A New Scoring System for Upper Airway Pediatric Sleep Endoscopy

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Sleep-associated upper-airway obstruction in children is a significant cause of morbidity. Development of a simple, standardized, quantitative technique to assess anatomic causes of sleep-related breathing disorder is important for surgical planning, clinical communication, and research.


To design, implement, and evaluate a scoring system to quantify airway obstruction in pediatric drug-induced sleep endoscopy.


This study was a retrospective case series conducted at a tertiary pediatric hospital. The patients were children with sleep-related breathing disorder who underwent polysomnography and drug-induced sleep endoscopy.


Flexible fiber-optic laryngoscopy was performed. Endoscopic examinations were recorded on video and assessed by 4 independent raters based on a scoring template.


Five locations in the upper aerodigestive tract (adenoid, velum, lateral pharyngeal wall, tongue base, and supraglottis) were evaluated on a 4-point scale for minimum and maximum obstruction. Internal reliability was assessed by calculating interrater and intrarater intraclass correlation coefficients (ICCs). For external validation, aggregate and site-specific scores were correlated with preoperative polysomnographic indices.


Videos recorded of sleep endoscopies from 23 children (mean age, 2.2 years) were reviewed and rated. Children had an average apnea-hypopnea index of 24.8. Seventy percent of interrater and intrarater ICC values (7 of 10 for each set) were above 0.6, demonstrating substantial agreement. Higher total obstructive scores were associated with lower oxygen saturation nadir (P = .04). The scoring system was also used to quantitatively identify children with multilevel airway obstruction, who were found to have significantly worse polysomnographic indices compared with children with single-level obstruction (P = .02).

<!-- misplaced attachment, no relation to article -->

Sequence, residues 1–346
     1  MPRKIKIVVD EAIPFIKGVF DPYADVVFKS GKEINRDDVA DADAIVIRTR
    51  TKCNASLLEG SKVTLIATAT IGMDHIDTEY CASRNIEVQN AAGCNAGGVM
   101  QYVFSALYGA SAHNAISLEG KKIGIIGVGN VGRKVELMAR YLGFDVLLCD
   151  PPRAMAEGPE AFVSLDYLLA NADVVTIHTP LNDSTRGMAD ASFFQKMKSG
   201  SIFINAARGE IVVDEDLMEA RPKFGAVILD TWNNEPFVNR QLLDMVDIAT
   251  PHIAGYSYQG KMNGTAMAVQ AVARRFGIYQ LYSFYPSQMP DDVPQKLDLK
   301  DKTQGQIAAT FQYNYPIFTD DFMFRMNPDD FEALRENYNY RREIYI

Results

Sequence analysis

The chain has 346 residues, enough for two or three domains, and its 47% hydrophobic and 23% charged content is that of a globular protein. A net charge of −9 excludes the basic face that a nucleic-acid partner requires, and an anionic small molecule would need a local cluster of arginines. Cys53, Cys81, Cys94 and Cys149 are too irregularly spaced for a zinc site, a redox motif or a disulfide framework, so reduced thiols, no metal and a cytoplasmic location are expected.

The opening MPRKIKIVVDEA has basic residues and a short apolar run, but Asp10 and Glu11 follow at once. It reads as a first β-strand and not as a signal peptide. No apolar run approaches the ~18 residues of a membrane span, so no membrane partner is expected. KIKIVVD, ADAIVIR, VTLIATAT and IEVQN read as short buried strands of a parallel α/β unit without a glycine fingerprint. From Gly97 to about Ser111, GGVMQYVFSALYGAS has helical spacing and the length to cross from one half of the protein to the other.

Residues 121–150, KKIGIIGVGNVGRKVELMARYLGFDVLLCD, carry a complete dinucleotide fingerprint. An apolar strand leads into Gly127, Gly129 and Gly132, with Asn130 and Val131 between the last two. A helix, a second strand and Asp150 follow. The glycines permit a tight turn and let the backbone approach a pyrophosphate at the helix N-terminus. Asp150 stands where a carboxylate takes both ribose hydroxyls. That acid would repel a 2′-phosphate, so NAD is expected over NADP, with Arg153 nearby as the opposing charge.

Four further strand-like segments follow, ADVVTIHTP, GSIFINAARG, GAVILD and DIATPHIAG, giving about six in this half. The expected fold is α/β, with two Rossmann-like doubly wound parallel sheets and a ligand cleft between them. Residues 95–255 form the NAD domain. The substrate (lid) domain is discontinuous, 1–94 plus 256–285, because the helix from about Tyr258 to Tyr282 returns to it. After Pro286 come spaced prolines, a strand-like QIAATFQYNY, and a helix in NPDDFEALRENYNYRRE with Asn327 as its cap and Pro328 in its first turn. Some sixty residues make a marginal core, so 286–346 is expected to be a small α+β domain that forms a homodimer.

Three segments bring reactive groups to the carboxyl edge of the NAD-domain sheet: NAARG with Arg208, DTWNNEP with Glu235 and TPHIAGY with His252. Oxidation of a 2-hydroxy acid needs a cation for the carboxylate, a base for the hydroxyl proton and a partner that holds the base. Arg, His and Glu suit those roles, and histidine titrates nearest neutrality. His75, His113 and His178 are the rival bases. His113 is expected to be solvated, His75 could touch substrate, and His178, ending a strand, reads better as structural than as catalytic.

The proposed scoring system, which is designed to be easy to use and allow for subjectivity in evaluating obstruction at multiple levels, nonetheless achieves good internal reliability and external validity. Implementing this system will allow for standardization of reporting for sleep endoscopy outcomes, as well as aid the practicing clinician in the interpretation of sleep endoscopy findings to inform site-directed surgical intervention in cases of complicated obstructive sleep apnea.

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